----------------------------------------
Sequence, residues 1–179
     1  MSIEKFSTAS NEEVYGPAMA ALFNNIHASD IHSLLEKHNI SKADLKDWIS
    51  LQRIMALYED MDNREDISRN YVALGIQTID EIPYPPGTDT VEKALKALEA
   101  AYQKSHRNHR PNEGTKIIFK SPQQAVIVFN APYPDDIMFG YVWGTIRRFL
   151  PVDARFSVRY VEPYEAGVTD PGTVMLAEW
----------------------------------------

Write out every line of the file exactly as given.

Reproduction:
Sequence, residues 1–179
     1  MSIEKFSTAS NEEVYGPAMA ALFNNIHASD IHSLLEKHNI SKADLKDWIS
    51  LQRIMALYED MDNREDISRN YVALGIQTID EIPYPPGTDT VEKALKALEA
   101  AYQKSHRNHR PNEGTKIIFK SPQQAVIVFN APYPDDIMFG YVWGTIRRFL
   151  PVDARFSVRY VEPYEAGVTD PGTVMLAEW